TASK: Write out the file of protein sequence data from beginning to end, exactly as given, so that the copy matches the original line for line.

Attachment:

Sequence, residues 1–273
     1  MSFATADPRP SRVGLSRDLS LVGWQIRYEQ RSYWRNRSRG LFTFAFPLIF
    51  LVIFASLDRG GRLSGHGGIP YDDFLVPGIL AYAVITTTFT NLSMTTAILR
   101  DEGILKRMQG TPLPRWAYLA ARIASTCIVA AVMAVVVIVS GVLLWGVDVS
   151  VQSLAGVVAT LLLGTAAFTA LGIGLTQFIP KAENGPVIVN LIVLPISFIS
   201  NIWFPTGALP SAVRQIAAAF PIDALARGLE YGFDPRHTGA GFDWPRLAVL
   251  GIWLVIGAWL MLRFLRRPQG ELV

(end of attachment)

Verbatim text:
Sequence, residues 1–273
     1  MSFATADPRP SRVGLSRDLS LVGWQIRYEQ RSYWRNRSRG LFTFAFPLIF
    51  LVIFASLDRG GRLSGHGGIP YDDFLVPGIL AYAVITTTFT NLSMTTAILR
   101  DEGILKRMQG TPLPRWAYLA ARIASTCIVA AVMAVVVIVS GVLLWGVDVS
   151  VQSLAGVVAT LLLGTAAFTA LGIGLTQFIP KAENGPVIVN LIVLPISFIS
   201  NIWFPTGALP SAVRQIAAAF PIDALARGLE YGFDPRHTGA GFDWPRLAVL
   251  GIWLVIGAWL MLRFLRRPQG ELV